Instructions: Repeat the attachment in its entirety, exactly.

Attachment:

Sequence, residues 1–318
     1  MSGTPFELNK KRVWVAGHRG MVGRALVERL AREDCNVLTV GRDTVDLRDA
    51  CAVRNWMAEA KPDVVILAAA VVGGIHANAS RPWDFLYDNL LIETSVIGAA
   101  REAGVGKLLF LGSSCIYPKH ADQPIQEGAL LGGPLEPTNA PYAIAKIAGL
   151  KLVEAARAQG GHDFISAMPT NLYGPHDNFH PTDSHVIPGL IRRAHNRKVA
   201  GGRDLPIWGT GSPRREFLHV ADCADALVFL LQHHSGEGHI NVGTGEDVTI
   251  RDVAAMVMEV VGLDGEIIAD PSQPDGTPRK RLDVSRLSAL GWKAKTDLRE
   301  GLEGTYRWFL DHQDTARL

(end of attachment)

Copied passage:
Sequence, residues 1–318
     1  MSGTPFELNK KRVWVAGHRG MVGRALVERL AREDCNVLTV GRDTVDLRDA
    51  CAVRNWMAEA KPDVVILAAA VVGGIHANAS RPWDFLYDNL LIETSVIGAA
   101  REAGVGKLLF LGSSCIYPKH ADQPIQEGAL LGGPLEPTNA PYAIAKIAGL
   151  KLVEAARAQG GHDFISAMPT NLYGPHDNFH PTDSHVIPGL IRRAHNRKVA
   201  GGRDLPIWGT GSPRREFLHV ADCADALVFL LQHHSGEGHI NVGTGEDVTI
   251  RDVAAMVMEV VGLDGEIIAD PSQPDGTPRK RLDVSRLSAL GWKAKTDLRE
   301  GLEGTYRWFL DHQDTARL